Last night I laid awake thinking about sadness and how it effects our life. Also thinking about National Suicide Prevention Week, which is this week. Thinking about those who I’ve lost to suicide, and lingering on their lives and how things could have been different. I was thinking about people I love in my life who struggle with mental illness everyday of their life, how everyday is a battle for them.
I faded off into sleep thinking about that. Then I had a dream about sadness. Someone was in a room and sadness was this mass that took up the whole room. Then I realized the sadness belonged to that person who was sitting there. It was taking up every inch of space in that room. Someone tried to come in, but the sadness pushed them out. There was only room for that person and their sadness.
Why is there no room?
I think this analogy is exactly what sadness feels like. It is isolating, exhausting, confusing, frustrating and feels endless. Sadness comes in and takes over conversations, ruins coffee dates, isolates in rooms full of people.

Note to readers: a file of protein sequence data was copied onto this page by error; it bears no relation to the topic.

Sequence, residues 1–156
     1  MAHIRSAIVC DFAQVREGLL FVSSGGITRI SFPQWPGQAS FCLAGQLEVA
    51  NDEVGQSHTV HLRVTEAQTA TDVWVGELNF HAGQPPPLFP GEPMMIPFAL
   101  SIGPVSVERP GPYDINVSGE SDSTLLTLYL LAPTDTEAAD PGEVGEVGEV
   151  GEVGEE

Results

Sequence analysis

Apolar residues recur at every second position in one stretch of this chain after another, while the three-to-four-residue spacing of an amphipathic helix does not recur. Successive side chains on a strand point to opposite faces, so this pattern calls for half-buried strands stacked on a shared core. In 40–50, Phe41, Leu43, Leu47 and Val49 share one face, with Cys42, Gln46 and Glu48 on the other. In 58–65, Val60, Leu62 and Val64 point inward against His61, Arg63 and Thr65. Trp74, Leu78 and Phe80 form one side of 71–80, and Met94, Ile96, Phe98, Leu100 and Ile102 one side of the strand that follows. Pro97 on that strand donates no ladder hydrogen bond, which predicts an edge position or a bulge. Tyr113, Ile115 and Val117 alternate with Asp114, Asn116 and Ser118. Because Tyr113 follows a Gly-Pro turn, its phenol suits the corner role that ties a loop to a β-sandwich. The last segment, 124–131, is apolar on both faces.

Sadness takes up room.
When we try to help those who are struggling with sadness or any kind of mental illness it can feel like a losing battle. It is complicated, intricate and often ongoing.
I know one thing: It is worth it to care, to try and help.
Never stop caring for people who push you away better yet, fight for them. So often we can’t fight for ourselves because we feel as though we are drowning, and we just need to know there is someone who willing to bring us to the surface.
Make it uncomfortable, ask hard question, prepare to hear hard answers, embrace them with love, support them where they are. The honest truth is it’s always easier to pretend things are okay when they aren’t with people we care about. We need people, to remind that life is worth living.
You do not have to be a expert to love someone, you just have to be willing to.
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